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Old 27th August 2012, 11:22 AM   #1
ggking7 is offline ggking7  United States
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Default Which ethernet cables are fiber optic?

Can anyone tell me how to determine if an ethernet cable is fiber optic? If one is fiber optic, is there no connection between the two ends besides the insulation and the fiber?
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Old 27th August 2012, 11:38 AM   #2
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A1 By looking at the connector.
A2 The fiber is the connection. I don't know offhand what any insulation requirements might be. The process itself seems to be self-isolating.
Here's an interesting cutaway I found:
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Old 27th August 2012, 11:46 AM   #3
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Quote:
Originally Posted by ggking7 View Post
Can anyone tell me how to determine if an ethernet cable is fiber optic?
Look at the connections at the end, a fiber optic cable will have a single 'plug' per strand while a wire cable will have a single plug aka rj connection for all the wires.
Quote:
Originally Posted by ggking7 View Post
If one is fiber optic, is there no connection between the two ends besides the insulation and the fiber?
Its possible to join two fiber optic cables, so there can be a connection between the two ends.
Regards, Xeclipse.
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Old 27th August 2012, 01:24 PM   #4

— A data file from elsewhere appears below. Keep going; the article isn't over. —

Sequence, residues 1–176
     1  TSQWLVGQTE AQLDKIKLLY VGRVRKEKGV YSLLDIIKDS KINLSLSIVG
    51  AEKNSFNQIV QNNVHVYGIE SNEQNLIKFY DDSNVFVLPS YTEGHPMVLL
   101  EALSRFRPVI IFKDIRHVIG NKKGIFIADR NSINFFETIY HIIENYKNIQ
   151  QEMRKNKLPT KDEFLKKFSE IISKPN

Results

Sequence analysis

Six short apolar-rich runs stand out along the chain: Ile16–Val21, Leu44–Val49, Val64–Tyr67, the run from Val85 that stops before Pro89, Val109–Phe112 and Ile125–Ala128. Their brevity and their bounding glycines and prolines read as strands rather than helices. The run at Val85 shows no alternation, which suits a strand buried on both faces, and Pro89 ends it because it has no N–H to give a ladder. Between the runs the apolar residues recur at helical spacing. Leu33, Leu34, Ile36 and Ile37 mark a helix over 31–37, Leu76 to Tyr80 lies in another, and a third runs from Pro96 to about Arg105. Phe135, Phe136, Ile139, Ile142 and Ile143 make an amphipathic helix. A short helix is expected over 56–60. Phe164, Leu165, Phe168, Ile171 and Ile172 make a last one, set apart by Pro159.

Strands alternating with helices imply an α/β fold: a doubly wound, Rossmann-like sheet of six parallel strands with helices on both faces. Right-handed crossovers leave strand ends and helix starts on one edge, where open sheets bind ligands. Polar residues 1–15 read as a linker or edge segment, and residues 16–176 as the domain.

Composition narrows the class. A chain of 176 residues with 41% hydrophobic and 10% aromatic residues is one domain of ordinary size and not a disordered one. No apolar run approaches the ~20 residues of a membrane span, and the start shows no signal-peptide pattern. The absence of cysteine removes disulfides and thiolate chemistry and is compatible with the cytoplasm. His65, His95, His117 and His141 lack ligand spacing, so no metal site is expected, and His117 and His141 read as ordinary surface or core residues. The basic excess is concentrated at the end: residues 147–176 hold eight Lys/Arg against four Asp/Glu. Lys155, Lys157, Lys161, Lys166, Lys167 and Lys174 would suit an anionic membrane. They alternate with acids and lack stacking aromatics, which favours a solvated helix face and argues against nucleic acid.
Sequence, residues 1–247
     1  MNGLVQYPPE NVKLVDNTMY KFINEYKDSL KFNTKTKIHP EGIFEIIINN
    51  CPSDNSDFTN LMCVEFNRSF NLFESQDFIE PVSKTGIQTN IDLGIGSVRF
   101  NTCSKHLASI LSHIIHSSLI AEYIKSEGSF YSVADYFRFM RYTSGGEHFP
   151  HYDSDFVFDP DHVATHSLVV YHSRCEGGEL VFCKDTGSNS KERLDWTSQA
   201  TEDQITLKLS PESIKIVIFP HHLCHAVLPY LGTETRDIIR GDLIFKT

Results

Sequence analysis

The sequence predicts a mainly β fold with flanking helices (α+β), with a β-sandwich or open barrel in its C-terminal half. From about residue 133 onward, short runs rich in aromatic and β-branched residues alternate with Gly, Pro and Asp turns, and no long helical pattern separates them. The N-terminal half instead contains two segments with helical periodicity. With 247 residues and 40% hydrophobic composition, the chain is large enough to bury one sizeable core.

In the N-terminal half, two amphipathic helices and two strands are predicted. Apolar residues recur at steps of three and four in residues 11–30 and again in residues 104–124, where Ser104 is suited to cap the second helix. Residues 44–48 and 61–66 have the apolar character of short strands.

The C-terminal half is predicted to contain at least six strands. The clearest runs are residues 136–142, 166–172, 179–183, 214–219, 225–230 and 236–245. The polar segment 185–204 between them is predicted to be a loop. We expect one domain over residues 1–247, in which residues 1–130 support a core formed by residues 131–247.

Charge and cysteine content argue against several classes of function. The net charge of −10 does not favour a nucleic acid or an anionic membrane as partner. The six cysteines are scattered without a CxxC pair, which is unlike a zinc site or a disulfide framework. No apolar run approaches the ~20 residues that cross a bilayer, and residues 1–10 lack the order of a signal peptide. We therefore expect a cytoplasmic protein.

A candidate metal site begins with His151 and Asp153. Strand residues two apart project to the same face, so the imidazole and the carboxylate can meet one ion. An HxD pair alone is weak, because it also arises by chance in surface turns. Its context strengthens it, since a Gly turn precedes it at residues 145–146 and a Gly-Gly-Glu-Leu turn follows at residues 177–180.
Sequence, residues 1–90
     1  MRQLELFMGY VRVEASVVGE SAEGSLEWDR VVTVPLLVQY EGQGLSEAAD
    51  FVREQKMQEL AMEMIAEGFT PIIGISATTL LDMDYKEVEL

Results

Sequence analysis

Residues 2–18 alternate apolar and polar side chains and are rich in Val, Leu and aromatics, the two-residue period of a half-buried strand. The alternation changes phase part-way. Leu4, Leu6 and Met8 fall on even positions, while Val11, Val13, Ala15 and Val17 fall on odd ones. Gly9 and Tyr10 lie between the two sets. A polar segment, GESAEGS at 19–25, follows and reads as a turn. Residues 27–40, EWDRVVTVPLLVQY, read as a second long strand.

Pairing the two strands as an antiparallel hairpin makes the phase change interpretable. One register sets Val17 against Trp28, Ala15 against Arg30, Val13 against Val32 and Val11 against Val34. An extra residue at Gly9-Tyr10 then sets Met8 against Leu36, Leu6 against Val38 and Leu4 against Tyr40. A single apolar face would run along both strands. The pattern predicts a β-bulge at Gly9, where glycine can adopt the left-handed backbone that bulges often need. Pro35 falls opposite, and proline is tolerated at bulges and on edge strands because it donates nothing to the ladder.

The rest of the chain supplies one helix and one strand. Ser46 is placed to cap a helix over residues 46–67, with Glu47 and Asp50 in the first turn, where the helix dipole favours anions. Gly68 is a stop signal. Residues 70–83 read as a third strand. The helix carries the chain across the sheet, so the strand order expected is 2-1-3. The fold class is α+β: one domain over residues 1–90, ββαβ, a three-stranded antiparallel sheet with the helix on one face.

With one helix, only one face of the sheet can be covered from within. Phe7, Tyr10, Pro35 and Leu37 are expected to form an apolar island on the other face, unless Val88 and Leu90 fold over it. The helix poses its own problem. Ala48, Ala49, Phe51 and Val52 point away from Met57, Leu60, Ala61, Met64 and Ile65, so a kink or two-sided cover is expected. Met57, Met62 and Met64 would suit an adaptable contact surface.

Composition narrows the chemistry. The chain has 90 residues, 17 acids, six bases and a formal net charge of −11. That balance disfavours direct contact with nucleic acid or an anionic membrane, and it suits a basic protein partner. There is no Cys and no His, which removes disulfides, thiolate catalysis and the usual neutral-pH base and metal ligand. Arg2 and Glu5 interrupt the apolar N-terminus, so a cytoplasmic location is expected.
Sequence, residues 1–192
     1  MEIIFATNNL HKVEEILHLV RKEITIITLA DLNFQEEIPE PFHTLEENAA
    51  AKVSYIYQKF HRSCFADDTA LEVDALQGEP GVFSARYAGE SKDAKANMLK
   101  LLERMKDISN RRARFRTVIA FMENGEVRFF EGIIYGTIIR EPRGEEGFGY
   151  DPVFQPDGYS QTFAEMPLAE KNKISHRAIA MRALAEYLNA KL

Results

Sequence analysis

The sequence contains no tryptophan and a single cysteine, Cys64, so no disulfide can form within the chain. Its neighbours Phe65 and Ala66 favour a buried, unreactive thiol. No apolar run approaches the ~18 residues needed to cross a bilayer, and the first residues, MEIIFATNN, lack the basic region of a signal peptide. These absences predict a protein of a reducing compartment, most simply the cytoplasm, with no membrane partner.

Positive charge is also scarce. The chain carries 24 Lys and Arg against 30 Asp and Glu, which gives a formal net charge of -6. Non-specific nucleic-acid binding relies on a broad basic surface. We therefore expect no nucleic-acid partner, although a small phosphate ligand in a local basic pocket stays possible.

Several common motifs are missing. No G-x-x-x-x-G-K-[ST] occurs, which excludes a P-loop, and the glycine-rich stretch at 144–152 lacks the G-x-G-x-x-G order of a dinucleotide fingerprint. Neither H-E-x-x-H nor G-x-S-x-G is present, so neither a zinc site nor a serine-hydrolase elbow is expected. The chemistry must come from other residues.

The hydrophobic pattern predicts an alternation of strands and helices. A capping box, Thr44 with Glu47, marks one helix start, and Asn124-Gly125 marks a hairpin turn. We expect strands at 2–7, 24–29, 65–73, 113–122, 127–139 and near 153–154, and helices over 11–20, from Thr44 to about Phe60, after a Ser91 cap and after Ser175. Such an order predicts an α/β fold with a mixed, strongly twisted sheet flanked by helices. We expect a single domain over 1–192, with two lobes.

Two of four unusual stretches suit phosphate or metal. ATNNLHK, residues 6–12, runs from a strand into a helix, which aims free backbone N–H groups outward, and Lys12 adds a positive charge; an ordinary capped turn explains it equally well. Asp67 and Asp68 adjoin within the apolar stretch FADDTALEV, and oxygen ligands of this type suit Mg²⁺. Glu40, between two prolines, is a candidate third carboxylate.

DF96 is offline DF96  England
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If it has a fibre inside then its a fibre optic cable. If it has copper inside then its a copper cable.

Copper ethernet cables will either have BNC (coaxial) or 'RJ45' (UTP) connectors. Older 'thick' ethernet will have N connectors.
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Old 27th August 2012, 03:11 PM   #5
ggking7 is offline ggking7  United States
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I'd like to isolate the ethernet connection between two computers. Should I use two of these with one in front of the ethernet port on either computer and a fiber optic ethernet cable in-between:

Amazon.com: TRENDnet 100/1000Base-T to SFP Media Converter (TFC-1000MGA): Computers & Accessories

With a 25-foot fiber optic cable, should this increase or decrease latency compared to running a crossover cable directly between the computers?

Quote:
Here's an interesting cutaway I found
It looks like there may actually be a "metal armor" connection between each end?
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Old 28th August 2012, 01:47 PM   #6
marce is offline marce  United Kingdom
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Ethernet connections are isolated, also the signals are LVDS. What are you trying to achieve?
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Old 28th August 2012, 03:19 PM   #7